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BS Business Administration: Career Outlook and Global Demand

As a degree and course of study, business administration is unusual because it does not prepare graduates for any single career or occupation. Rather, it teaches techniques and mindsets that graduates can then apply to any field that involves business, administration or both. While it might seem disadvantageous on paper, this is a huge benefit for business administration graduates once the diploma is received and the job search begins.

What to Do with a Business Administration Degree

Because of the kind of curricula that most business administration programs have – more general, real-world training as opposed to the niched and highly specialized skills from courses like accounting or engineering – graduates are given a wider selection when it comes to post-college careers. Any field that involves business, administration or even management would be right up the alley of a business administration graduate.

Degree holders of business management courses typically start with middle management positions, especially in the corporate sector. Industrial and manufacturing companies have much use for business administration training, and should present a long list of potential positions for the job seeker. Merchandising and retail outfits have similar needs, and so should have an equally lengthy list of opportunities.

Self-employment and personal businesses are also a frequently explored field by grads of business administration, and many have reached financial success even before graduation day. Starting a business involves continuous application of the skills learned in school, but can also be the most rewarding as the revenue is not tied to an employer’s salary rate.

Opportunities Here and Abroad

No matter what the state of the local economy might be, a shortage of jobs for graduates of business administration would be very unlikely. There are simply too many fields and industries that require that sort of training, so jobs are available even on the local market.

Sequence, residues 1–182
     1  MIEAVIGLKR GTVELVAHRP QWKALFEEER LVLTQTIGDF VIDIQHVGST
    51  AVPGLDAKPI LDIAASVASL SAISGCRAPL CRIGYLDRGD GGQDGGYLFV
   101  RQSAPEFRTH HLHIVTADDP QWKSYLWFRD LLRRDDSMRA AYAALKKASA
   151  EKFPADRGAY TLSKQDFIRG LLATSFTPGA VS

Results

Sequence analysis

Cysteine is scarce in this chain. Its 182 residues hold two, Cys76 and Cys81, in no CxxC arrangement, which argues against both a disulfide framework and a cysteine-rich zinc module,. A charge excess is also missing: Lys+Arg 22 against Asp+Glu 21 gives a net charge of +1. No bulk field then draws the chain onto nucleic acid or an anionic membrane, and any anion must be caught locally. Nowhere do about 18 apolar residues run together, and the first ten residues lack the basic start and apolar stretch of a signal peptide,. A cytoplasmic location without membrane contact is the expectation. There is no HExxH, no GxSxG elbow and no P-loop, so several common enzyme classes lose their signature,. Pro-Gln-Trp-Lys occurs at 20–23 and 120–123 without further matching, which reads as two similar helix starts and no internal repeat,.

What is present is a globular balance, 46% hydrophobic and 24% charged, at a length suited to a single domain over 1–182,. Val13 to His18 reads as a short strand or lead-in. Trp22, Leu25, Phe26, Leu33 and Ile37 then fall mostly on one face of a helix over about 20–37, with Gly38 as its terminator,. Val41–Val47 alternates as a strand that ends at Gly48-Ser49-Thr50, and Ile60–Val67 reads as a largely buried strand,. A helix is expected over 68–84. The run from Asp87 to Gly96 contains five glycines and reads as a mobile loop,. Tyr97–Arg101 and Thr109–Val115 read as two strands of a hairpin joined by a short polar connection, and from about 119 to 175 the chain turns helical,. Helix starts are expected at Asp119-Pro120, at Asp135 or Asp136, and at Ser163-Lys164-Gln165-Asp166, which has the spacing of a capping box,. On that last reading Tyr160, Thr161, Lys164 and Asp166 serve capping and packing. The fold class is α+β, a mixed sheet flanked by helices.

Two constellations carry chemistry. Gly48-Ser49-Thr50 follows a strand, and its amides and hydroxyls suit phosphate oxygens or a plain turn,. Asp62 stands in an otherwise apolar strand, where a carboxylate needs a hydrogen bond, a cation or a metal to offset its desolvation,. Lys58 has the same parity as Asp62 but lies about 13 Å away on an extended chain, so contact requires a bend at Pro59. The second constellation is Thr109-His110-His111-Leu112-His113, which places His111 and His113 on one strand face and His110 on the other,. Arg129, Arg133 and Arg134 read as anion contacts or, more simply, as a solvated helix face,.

A very popular post-college route in the Philippines is to enter the corporate world via any one of the numerous management trainee programs on the corporate landscape. They are practically internship programs that last anywhere from one to five years of hard work followed by a fast track to middle and upper management.

Corporate trainee programs don’t pay very much at the start; PhP20,000 to PhP25,000 is the average figure, even for multinationals and big conglomerates. Trainees who finish the program, however, can expect twice or even thrice that kind of salary within a year of completion. The programs are very selective, though, especially for the bigger and more prestigious corporations. Preference is given to graduates with honors, those from the Big 3 schools (ADMU, DLSU and UP) and with actual business experience.

Although taking the corporate trainee program route can lead to positions based abroad, one can also take the fast lane and apply as middle managers in other countries. In 2009, those kinds of jobs were paid an average of $40,000 to $75,000 – well above the national median.

Getting a job abroad, however, is not as easy as it looks. One would have to have better qualifications that the business and administration graduates already living there; an MBA or some other postgraduate degree is almost necessary. And unless there’s a stellar item in your resume or several years of practical experience behind you, a job abroad would be a difficult proposition indeed.